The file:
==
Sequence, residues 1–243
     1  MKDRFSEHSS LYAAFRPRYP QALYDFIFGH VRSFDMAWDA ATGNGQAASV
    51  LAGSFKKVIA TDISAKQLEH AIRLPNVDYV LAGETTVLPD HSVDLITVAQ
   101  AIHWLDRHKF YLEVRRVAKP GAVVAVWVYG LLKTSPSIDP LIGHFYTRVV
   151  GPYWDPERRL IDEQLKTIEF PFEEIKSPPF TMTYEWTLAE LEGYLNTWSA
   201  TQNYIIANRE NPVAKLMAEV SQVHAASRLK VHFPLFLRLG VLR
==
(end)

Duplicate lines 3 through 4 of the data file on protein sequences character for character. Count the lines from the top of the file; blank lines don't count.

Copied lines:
    51  LAGSFKKVIA TDISAKQLEH AIRLPNVDYV LAGETTVLPD HSVDLITVAQ
   101  AIHWLDRHKF YLEVRRVAKP GAVVAVWVYG LLKTSPSIDP LIGHFYTRVV